Deschutes County commissioners on Monday adopted a $306 million budget for fiscal year 2015, with Commissioner Tony DeBone acting as the board’s lone dissenter in a 2-1 vote.
Amid the depths of the economic downturn between 2007 and 2012, annual revenue into the county dropped by 22 percent, and services were cut as a result. County Administrator Tom Anderson characterized the budget approved Monday as the second in a row aimed at restoring services to where they were before the recession began. With continued progress in new construction and rising property values, the new budget reflects a 6 percent increase over the current budget.
“Even though we are in better financial times than we have seen in past years and revenue is up across the board, the board and budget committee did not add a lot of services,” Anderson said. “This is more of a project of restoration.”
DeBone saw the improving economy as an opportunity for the county to lower taxes while still providing the same services.
“We could have done everything proposed in this budget with $1 million less,” he said, noting that his suggestion was minor and amounted to “a pizza a year” in terms of savings per property owner.
That pizza worth of savings — about $10 to $15 — would have come through a minor reduction in the permanent tax rate, a change that would have only been felt in the county’s general fund balance without affecting any services or staff members, DeBone said.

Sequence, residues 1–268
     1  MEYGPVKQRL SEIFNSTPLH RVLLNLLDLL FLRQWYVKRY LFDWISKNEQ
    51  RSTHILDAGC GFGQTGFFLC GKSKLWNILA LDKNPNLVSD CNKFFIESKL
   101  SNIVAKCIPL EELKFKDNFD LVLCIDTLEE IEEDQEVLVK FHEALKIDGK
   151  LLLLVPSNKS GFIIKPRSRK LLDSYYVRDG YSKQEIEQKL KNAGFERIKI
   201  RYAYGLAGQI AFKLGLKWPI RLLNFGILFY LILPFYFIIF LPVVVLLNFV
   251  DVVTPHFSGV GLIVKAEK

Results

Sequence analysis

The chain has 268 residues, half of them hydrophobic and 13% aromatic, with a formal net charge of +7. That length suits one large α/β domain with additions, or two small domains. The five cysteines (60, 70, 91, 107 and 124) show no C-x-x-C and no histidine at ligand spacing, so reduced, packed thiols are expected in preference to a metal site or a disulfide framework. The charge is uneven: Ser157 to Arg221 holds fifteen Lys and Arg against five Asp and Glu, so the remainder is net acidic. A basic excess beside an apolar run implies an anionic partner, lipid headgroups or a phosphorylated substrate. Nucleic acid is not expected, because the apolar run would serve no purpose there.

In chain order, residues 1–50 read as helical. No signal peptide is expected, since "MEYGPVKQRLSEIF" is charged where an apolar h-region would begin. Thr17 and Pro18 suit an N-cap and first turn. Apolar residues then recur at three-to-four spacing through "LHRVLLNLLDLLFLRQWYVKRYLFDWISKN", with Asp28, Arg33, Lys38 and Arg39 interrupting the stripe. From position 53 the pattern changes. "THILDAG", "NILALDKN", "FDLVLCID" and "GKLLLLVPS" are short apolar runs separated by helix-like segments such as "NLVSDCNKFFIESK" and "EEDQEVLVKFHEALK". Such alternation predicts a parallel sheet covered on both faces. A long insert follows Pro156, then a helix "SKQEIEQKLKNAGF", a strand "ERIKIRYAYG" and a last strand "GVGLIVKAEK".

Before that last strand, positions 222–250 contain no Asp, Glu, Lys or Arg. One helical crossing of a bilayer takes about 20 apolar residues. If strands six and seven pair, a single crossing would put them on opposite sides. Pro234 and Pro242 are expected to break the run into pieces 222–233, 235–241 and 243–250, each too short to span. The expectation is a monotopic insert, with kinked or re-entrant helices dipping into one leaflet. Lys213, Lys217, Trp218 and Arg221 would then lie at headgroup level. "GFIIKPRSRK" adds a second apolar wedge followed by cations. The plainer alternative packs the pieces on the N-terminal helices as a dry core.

Anderson said the growth in this year’s budget allowed the county to take on projects it “did not have the luxury to propose in past budgets.” Among the projects singled out by Anderson are an expansion of the county jail, funded through a full faith and credit bond approved last year, and work on the intersection of the Powell Butte and Neff roads.
Right before adopting the 2015 budget, the county received an award from the Government Finance Officers Association of the United States and Canada for its preparation of the current budget. The county also received an award for excellence in financial reporting.
Jeff White, the organization’s Oregon representative and chief financial officer for Marion County, praised the county’s financial team, noting how rigorous the organization’s standards are in terms of evaluating transparency and accuracy, and adding Deschutes County “clearly made the grade.”
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